September Somernites remembered 9/11 by paying tribute to first responders, military

·5 min read

Sep. 26—There was enough going on at the September Somernites Cruise to keep anyone busy.

There were plenty of Corvettes in the Showcase area on South Main street, campers lining North Main, and right in the center — in front of the Pulaski County Courthouse and across from the Fountain Square — there was a program that honored not only Somernites but the first responders and military personnel that helped protect the country after the 9/11 terrorist attacks that took place 20 years ago.

A special ceremony was held at 5 p.m., leading off with vehicles from every first responder department in the county, holding a parade down Somerset's Main Street, sirens blaring and lights blazing.

Among the speakers at the special ceremony was John Koko, a Green Beret who was part of the famous Horse Soldiers and who is now the CEO of Horse Soldier Bourbon.

Koko, who asked the crowd to call him "Koko" rather than "John" like his mother does, described what happened to a group of his "brothers" when they found out about the events of September 11, 2001.

A team known as Operational Detachment-A 595 was training within the Cumberland River, when they learned of the terrorist attacks. They raced back to Fort Campbell, he said.

"We love our country so much, and on that day we knew our country would never be the same," he said.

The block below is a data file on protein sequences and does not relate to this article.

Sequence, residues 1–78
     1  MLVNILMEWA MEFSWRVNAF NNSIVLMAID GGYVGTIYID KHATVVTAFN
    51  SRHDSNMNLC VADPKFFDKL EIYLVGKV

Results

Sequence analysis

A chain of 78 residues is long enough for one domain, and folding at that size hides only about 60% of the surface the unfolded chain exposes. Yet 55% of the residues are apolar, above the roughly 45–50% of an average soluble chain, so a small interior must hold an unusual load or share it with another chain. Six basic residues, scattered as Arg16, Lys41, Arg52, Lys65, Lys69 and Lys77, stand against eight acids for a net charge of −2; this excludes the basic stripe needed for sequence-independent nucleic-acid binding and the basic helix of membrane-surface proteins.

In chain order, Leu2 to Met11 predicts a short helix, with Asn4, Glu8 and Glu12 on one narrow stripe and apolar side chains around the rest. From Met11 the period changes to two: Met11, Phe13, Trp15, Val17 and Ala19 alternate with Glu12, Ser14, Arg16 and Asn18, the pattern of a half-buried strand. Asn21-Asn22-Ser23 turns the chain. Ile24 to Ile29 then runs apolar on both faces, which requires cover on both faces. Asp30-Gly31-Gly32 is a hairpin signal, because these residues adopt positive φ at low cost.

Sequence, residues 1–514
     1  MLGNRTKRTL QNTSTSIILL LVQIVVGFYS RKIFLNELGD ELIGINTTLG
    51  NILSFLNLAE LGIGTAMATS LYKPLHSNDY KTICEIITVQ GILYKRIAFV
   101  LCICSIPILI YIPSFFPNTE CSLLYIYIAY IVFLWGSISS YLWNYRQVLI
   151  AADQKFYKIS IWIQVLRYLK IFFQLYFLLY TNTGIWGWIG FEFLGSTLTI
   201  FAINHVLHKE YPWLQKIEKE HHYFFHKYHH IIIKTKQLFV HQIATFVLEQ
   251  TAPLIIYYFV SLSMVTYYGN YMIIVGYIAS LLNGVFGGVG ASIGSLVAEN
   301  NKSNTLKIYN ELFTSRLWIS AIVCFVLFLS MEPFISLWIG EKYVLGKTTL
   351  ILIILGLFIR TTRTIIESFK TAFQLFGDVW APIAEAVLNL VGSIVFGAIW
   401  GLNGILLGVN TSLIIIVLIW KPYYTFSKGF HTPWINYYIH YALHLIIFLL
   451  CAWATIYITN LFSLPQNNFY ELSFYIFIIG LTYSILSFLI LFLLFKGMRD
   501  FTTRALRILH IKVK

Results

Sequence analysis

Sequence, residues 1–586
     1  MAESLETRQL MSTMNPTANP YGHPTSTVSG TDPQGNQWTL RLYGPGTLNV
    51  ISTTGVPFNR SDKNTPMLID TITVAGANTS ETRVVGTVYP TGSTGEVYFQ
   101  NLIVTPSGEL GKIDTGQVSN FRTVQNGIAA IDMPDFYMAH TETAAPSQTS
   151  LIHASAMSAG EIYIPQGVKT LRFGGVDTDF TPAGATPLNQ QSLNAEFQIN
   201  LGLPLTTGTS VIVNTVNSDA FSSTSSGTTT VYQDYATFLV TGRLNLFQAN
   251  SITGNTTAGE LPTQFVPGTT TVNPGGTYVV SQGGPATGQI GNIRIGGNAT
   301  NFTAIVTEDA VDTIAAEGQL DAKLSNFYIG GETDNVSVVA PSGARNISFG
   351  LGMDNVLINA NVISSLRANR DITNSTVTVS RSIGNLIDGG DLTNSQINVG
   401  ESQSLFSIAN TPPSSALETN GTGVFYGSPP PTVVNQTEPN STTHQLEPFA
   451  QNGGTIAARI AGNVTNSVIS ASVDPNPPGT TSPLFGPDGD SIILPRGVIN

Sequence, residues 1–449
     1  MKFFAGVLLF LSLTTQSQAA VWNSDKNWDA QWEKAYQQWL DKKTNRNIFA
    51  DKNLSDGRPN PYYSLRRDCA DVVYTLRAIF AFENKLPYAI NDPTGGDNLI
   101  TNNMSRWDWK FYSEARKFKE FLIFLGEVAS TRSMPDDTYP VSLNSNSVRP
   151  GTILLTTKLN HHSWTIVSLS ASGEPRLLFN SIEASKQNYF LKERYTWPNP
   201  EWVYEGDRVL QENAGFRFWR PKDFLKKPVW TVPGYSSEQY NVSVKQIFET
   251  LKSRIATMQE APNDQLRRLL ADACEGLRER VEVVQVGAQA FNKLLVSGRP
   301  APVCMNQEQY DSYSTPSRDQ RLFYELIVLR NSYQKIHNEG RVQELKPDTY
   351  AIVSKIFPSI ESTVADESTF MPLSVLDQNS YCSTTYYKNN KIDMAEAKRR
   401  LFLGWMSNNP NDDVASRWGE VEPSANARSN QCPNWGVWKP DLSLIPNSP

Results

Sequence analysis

By October 19, those men would be deployed to Afghanistan in order to protect the U.S. from further attacks from those who had perpetrated 9/11.

"President [George W.] Bush gave pieces of steel from Ground Zero, and he asked us to GPS when they were buried on targets inside of Afghanistan. And the men I call brothers, that will be here living amongst you, they are the men that carried that justice for our nation and almost 3,000 Americans into combat."

By "living amongst you," Koko was referring to those who are set to build the new Horse Soldier Bourbon distillery here in Somerset. A private groundbreaking is scheduled next month to commemorate the anniversary of the date those soldiers arrived in Afghanistan.

And they didn't only leave pieces of the World Trade Center in Afghanistan. The steel from the buildings that became Ground Zero is still a part of the soldiers' lives and livelihoods.

"We use steel from Ground Zero to form the molds that every bottle goes through," Koko said.

The owners of Horse Soldier Bourbon also want to build relationships within the community, he said.

"I hope you embrace us and bring us into your community, because those days and those years that followed and the losses that were suffered, is real. It's meaningful. We're not a made-up brand by some Madison Avenue PR firm. We're real."

In introducing Koko, President and CEO of SPEDA Chris Girdler called him "the epitome of all that is good, all that is right, in everything that has made America the greatest country in the history of the world."